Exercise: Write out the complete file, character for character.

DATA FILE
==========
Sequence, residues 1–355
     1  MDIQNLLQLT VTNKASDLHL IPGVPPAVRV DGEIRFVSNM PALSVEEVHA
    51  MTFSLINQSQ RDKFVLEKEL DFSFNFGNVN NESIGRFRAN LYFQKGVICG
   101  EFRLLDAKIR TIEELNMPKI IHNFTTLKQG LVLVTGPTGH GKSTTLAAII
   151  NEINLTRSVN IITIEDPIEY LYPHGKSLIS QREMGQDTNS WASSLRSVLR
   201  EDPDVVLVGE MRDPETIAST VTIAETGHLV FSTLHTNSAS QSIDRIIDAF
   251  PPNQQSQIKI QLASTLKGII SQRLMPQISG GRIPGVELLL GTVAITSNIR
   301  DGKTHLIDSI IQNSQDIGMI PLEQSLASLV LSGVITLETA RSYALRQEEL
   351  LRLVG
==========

Sequence, residues 1–355
     1  MDIQNLLQLT VTNKASDLHL IPGVPPAVRV DGEIRFVSNM PALSVEEVHA
    51  MTFSLINQSQ RDKFVLEKEL DFSFNFGNVN NESIGRFRAN LYFQKGVICG
   101  EFRLLDAKIR TIEELNMPKI IHNFTTLKQG LVLVTGPTGH GKSTTLAAII
   151  NEINLTRSVN IITIEDPIEY LYPHGKSLIS QREMGQDTNS WASSLRSVLR
   201  EDPDVVLVGE MRDPETIAST VTIAETGHLV FSTLHTNSAS QSIDRIIDAF
   251  PPNQQSQIKI QLASTLKGII SQRLMPQISG GRIPGVELLL GTVAITSNIR
   301  DGKTHLIDSI IQNSQDIGMI PLEQSLASLV LSGVITLETA RSYALRQEEL
   351  LRLVG